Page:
The water content in the Sierra Nevada snowpack is at unprecedented low levels.
The snowpack supplies about a third of the water needed by the state’s residents, industry and agriculture, so the drought has had far-reaching impacts on all of us, but especially on the agricultural community.
Carlos Sanchez has never seen it so dry over his 44 years as an agriculturalist along the Central Coast.
“I’ve never seen four consecutive years of drought,” he said.
Since 1984 Sanchez has worked at Tally Farms located in the iconic Arroyo Grande Valley along Lopez Drive between San Luis Obispo and Lake Lopez. Talley Farms was founded by Oliver Talley in 1948 and is now operated by multiple generations of the Talley family.
They grow, harvest, pack, and ship high-quality vegetables locally and worldwide. The farm’s most abundant crops are bell peppers, spinach, Napa cabbage and cilantro. In fact, they are one of the largest growers of bell peppers in the state. Talley is also known for award-winning chardonnays and pinot noir wines.
Over the decades, the folks at Tally Farms have learned to conserve precious water. Back in the mid-1980s they installed drip irrigation. Today they use drip tape irrigation to deliver water directly to the plant’s roots. Drip tape is an industrial-strength version of the garden drip hose that can run for hundreds of feet.
To further save water, they’ve installed pressure compensated drip tape lines, which insures that each plant receives an equal amount of water along their lengthy runs. In other words, the plants at the beginning of the line aren’t over irrigated due to higher water pressure, while plants at the end don’t wilt under the sun due the lack of moisture.
They’ve also reduced drip line spacing to more evenly water their crops and mostly irrigate at night or when it’s foggy to help reduce evaporation.
All these methods have dramatically reduced the amount of water needed to grow their crops.
With that being said, it has become more difficult for farmers and ranchers throughout the state to acquire the water they need. Many have been forced to dig deeper wells. Not only is this an expensive proposition that can cost hundreds of thousands of dollars, but after the well is dug, it can take significantly more energy to pump water to the earth’s surface.
Claire Braico who works for PG&E as an engineering supervisor for Customer Energy Solutions and is a Cal Poly graduate in mechanical engineering, told me, “In general, the amount of energy required to lift a gallon of water is proportional to how many feet you lift it.”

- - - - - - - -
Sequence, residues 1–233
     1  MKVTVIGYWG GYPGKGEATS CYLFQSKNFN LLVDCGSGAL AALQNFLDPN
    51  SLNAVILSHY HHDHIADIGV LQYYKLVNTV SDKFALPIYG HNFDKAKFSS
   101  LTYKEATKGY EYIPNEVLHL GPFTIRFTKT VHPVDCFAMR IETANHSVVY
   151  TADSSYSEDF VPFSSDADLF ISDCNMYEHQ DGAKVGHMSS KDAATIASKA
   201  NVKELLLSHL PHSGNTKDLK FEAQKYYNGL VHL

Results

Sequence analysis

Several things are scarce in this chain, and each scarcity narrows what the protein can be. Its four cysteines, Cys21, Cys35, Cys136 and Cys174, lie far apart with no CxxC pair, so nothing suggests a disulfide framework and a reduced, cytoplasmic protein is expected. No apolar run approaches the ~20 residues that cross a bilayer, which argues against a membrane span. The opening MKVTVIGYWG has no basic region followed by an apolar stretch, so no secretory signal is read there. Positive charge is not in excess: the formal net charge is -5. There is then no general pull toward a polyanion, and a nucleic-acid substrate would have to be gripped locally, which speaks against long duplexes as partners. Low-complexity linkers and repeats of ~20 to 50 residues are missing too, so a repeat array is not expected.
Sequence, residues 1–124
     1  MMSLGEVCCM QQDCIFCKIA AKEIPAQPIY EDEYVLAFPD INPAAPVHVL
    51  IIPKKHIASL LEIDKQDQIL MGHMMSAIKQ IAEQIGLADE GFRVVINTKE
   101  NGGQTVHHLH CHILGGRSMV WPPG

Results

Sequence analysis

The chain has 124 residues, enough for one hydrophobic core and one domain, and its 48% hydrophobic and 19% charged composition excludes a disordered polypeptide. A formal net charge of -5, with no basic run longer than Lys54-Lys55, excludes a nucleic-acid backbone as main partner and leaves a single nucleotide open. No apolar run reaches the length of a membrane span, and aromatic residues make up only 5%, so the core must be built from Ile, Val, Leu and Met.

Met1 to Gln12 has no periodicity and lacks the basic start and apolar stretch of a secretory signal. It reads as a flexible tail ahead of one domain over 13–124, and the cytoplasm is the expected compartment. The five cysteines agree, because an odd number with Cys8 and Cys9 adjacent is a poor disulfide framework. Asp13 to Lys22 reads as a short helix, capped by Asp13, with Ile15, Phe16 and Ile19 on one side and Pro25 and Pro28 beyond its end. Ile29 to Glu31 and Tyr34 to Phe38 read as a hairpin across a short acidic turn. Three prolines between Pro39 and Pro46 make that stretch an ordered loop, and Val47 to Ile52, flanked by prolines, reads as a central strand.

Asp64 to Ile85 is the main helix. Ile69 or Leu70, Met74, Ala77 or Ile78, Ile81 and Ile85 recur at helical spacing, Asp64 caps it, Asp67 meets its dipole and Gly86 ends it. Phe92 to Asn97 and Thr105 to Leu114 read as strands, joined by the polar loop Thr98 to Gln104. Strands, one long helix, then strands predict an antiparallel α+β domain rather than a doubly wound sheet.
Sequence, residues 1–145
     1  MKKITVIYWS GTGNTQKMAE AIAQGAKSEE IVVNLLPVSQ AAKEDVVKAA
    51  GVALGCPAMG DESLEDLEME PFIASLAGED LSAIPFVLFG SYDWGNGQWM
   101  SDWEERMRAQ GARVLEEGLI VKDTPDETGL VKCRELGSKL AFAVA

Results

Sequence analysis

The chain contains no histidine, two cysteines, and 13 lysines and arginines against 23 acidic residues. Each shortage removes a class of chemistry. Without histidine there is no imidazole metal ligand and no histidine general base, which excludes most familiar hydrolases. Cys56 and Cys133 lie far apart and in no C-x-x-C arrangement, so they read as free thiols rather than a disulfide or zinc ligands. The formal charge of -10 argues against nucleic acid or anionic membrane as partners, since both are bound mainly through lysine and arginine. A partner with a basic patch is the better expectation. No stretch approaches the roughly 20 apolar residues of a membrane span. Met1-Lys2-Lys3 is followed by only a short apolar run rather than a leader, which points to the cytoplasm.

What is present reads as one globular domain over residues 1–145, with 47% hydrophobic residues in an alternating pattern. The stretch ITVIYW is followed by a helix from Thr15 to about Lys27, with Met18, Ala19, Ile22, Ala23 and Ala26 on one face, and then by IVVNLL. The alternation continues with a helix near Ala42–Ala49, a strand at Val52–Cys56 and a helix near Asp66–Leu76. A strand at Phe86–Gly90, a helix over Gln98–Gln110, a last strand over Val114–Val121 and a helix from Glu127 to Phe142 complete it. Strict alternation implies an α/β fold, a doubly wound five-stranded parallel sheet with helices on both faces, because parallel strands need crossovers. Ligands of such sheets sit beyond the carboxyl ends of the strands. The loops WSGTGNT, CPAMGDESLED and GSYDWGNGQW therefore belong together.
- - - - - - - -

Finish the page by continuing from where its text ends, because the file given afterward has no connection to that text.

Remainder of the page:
For example, it would take twice the amount of energy to lift a gallon of water from a 500 foot well rather than a 250 foot well. However, as the water table levels change, the efficiency of the well pumps can be reduced, further increasing the amount energy needed to pump water.
“Alternatively, if you re-drill the well and select a new pump that meets the new water table depth, you can maintain the pump efficiency, and the energy costs will remain linear, assuming the motor efficiency did not change,” Braico said.
Needless to say, PG&E has seen a dramatic increase in requests for new or additional pumping service.
Pat Mullen, a PG&E director who leads the company’s Ag Task Force, encourages farmers who are seeking new or additional pumping services to apply early at www.pge/customerconnections.
PG&E has a range of energy efficiency programs and incentives to help agricultural and other customers reduce their water and energy usage, and therefore their costs. PG&E has increased rebates an additional 33 percent for the Advanced Pumping Efficiency Program. The utility also has created and launched a new program for small and medium agriculture customers who want to install low-flow irrigation nozzles or convert sprinklers to drip irrigation.
PG&E also offers incentives for more efficient cooling components that cool fruit, vegetables, milk and wine. To lean more, please call the Agricultural Customer Service Center at 1-877-311-FARM (3276) or visit pge.com/ag.